Tragic accident leaves eleven men missing after an oil rig explosion on April 20. All of these men are presumed dead and their families are now coping with the deaths of their loved ones. As of May 5th, three families have filed wrongful death lawsuits against Transocean Ltd. for these deaths.
The first was filed the day after the explosion, on April 21, in the federal court in New Orleans, LA on behalf of the family of Shane Roshto. Roshto was thrown overboard during the blast and, like many, his body was never found.
On April 22, the family of Karl Kleppinger filed their wrongful death suit in Harris County, TX. Kleppinger was scheduled to be off-duty within hours of the explosion, but his family never saw him again.
A third wrongful death lawsuit was filed on May 4, by the family of Aaron Dale Burkeen. The complaint, which was filed in the state court in Galveston, TX, states that witnesses saw Burkeen trying to escape during the first blast. The family believes that he died in the second blast, but like Roshto, his body has not been found.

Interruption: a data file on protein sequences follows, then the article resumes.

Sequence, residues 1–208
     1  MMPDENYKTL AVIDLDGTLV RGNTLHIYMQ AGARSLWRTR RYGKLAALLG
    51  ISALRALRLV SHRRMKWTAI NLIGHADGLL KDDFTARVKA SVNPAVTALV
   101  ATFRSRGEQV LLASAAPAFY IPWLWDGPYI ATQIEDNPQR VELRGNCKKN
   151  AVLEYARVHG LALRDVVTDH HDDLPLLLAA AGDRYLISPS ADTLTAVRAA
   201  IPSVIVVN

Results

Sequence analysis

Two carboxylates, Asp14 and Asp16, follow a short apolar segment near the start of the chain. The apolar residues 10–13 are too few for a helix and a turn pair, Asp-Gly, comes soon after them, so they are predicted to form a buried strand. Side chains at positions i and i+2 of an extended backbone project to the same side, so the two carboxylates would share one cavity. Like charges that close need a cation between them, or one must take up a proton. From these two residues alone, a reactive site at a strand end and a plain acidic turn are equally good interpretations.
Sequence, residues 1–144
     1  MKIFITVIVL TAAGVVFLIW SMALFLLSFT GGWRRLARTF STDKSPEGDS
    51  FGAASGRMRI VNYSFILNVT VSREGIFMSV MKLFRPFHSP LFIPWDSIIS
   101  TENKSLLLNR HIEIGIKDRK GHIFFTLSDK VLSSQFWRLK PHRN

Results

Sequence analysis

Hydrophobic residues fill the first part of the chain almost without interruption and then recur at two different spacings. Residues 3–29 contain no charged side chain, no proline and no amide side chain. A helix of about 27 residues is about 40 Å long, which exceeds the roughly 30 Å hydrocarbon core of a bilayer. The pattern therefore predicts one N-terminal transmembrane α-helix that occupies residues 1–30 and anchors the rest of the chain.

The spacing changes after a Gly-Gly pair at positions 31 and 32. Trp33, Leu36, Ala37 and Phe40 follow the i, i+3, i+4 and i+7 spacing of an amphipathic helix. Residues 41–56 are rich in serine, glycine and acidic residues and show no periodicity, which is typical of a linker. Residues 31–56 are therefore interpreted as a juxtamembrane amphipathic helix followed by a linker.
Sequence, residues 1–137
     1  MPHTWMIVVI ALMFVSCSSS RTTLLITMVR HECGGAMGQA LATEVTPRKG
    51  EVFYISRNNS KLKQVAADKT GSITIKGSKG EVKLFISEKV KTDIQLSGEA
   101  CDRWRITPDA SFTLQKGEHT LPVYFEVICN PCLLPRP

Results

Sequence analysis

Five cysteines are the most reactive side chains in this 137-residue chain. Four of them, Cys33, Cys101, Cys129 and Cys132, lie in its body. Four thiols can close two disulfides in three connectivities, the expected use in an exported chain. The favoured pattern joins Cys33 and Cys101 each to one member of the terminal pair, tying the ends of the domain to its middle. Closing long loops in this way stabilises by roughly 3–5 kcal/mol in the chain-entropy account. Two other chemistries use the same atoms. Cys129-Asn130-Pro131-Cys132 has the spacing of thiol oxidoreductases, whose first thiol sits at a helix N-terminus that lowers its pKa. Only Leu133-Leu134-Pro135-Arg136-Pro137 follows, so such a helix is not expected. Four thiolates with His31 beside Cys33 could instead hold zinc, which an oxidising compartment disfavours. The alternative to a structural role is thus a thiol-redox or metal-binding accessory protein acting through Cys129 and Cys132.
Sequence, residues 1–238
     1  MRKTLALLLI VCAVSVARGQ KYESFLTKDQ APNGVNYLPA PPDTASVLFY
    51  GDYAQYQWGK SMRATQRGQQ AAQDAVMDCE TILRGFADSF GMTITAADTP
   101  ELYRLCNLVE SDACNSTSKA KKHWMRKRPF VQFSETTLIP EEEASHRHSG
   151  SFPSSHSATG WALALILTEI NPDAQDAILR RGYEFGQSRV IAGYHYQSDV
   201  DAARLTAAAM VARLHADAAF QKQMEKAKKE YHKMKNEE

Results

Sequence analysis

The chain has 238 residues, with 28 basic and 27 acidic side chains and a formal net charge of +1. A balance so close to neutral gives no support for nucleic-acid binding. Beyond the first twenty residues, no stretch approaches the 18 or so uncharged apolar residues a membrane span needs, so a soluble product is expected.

This third lawsuit also includes claims on behalf of three other employees who were working on the drilling rig, Deepwater Horizon. The three Louisiana men were seriously injured during the explosion and claim that after escaping the blazing rig, they waited in the waters beside the structure “for over ten hours…knowing their friends were on it.”
The third lawsuit further alleges that the rig was not seaworthy or properly maintained. It also alleges that those who oversaw operations failed to meet federal safety standards.
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All of these lawsuits name four main defendants: Transocean Ltd., who owned and operated the oil rig; Halliburton Energy Services, Inc., who were in charge of cementing the well at the time of the explosion; Cameron International Corp., the company that supplied the rig’s blowout preventers which allegedly failed during the explosion; and, of course, BP Plc., who holds the lease permitting oil drilling at that particular site.
BP has taken responsibility for the oil clean up after the explosion, which could take months and even years. Within the coming months, these companies will also be dealing with the tragic deaths and injuries of many of the employees who were on the rig.
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